Iodised salt in bread was mandated in Tasmania in 2009 following the re-emergence of mild iodine deficiency in Tasmania in the late 1990s, and a voluntary bread fortification program which began in 2001.

In the latest survey, spot morning urine samples were collected from 413 schoolchildren aged 8–10 years. The median urinary iodine concentration (UIC) was 130 μg/L; UIC was below 100 μg/L in 124 samples (30.0%) and below 50 μg/L in 13 (3.2%).

“Iodine status in 2016 was not significantly different from the 2011 level (129 μg/L; < 50 μg/L: 11 of 320 samples [3.4%]; P = 0.45),” wrote the authors.

“In contrast, the median UIC in 2016 was significantly higher than during the voluntary fortification period (2003–2007 surveys: median, 108 μg/L; < 50 μg/L: 142 of 1511 samples [9.4%]; P < 0.001) and before fortification (1998, 2000 surveys: median, 75 μg/L; < 50 μg/L: 67 of 411 samples [16%]; P < 0.001).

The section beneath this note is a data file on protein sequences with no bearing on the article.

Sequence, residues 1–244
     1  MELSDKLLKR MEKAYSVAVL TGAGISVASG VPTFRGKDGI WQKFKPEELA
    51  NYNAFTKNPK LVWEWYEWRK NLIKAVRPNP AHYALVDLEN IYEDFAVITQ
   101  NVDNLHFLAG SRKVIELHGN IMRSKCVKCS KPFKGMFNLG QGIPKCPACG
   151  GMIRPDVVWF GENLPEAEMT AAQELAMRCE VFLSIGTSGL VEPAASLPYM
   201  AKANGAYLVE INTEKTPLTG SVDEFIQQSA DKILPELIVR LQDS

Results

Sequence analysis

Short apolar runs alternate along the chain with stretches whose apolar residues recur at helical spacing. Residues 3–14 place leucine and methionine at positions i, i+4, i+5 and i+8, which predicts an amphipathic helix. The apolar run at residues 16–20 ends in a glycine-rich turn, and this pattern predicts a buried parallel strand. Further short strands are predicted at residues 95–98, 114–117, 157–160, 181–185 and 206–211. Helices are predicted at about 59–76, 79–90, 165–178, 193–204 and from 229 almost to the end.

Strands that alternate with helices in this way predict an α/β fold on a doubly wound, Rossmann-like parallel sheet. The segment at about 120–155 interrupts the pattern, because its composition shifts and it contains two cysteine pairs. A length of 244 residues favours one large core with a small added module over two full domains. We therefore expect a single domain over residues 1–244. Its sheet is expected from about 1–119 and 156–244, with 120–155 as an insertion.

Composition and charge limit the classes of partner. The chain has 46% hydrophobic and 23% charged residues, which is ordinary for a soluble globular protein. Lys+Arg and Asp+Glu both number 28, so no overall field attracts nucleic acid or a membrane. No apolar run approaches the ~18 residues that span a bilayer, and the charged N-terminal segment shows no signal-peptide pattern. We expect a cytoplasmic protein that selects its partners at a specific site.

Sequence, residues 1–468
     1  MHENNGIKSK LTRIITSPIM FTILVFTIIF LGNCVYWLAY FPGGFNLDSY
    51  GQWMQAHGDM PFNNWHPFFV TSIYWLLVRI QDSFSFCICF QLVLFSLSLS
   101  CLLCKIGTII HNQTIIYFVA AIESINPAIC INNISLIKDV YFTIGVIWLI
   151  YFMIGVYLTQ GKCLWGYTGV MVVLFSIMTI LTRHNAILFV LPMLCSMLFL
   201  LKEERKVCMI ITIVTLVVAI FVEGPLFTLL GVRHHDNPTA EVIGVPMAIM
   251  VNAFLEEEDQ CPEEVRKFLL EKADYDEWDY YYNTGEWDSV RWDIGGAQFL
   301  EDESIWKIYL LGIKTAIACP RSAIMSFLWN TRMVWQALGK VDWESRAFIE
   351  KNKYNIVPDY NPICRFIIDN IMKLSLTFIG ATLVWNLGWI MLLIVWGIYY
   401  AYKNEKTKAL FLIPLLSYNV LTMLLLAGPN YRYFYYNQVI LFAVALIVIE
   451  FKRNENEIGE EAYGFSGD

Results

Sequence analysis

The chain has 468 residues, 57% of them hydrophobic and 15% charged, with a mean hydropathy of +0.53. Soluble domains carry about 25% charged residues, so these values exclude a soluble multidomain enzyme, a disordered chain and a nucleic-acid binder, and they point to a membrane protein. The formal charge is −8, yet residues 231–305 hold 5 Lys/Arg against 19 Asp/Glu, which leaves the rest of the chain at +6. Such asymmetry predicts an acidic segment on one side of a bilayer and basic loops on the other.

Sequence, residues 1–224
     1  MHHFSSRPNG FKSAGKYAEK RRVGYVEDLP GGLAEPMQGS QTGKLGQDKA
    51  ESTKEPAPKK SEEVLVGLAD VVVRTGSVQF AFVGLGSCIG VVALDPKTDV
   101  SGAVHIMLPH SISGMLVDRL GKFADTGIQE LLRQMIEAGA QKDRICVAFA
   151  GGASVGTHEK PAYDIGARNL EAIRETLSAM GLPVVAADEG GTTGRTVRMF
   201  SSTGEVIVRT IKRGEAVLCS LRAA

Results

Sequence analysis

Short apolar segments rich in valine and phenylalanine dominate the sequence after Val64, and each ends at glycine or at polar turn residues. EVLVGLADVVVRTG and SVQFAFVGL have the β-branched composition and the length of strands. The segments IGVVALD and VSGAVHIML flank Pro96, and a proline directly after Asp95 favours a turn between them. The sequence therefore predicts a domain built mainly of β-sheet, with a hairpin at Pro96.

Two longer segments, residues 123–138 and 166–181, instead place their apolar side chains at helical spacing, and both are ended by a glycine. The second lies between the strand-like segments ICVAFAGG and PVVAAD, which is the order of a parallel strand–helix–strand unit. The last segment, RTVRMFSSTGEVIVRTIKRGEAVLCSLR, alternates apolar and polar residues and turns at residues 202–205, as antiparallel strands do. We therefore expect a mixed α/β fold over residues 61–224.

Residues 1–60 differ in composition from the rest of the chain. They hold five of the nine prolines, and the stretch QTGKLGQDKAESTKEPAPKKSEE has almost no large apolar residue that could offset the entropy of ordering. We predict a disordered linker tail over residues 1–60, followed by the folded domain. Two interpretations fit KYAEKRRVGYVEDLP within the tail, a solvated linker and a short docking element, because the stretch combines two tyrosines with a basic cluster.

“After 7 years of mandatory fortification, the consistent median UIC from Tasmanian surveys indicates that the outcome of this public health initiative is stable and potentially sustainable,” they concluded.

“However, these conclusions cannot be extrapolated to all population groups, particularly pregnant and lactating women, as their greater requirement for iodine is unlikely to be met by mandatory fortification alone.

“The history of iodine nutrition in Tasmania indicates that ongoing monitoring of population iodine nutrition is needed to prevent a return to iodine deficiency.”

Harvey and Diug agreed that monitoring was essential, but also added that Australians would be better served by improving their overall diet.

“While some fortified products may be beneficial for specific populations, such as foods containing plant sterols for people with hypocholesteremia, they can also be over-promoted, unnecessary, and expensive,” they wrote.

“Ongoing monitoring of the population is required to ensure that safe upper limits for levels of nutrients (including folic acid) are not breached.